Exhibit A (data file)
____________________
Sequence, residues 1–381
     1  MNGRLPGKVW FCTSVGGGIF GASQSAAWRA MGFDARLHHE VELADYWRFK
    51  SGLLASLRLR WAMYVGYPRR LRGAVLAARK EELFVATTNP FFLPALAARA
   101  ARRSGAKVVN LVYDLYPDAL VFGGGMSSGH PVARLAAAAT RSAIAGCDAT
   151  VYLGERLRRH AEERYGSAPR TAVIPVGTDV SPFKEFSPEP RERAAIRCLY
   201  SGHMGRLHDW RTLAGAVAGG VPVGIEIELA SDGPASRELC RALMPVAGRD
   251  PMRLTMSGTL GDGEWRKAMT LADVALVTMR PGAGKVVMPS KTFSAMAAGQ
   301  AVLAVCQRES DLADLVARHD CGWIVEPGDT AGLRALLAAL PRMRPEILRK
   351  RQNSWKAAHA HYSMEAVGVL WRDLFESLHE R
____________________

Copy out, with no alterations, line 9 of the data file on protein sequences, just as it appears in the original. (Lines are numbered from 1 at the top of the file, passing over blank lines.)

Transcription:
   351  RQNSWKAAHA HYSMEAVGVL WRDLFESLHE R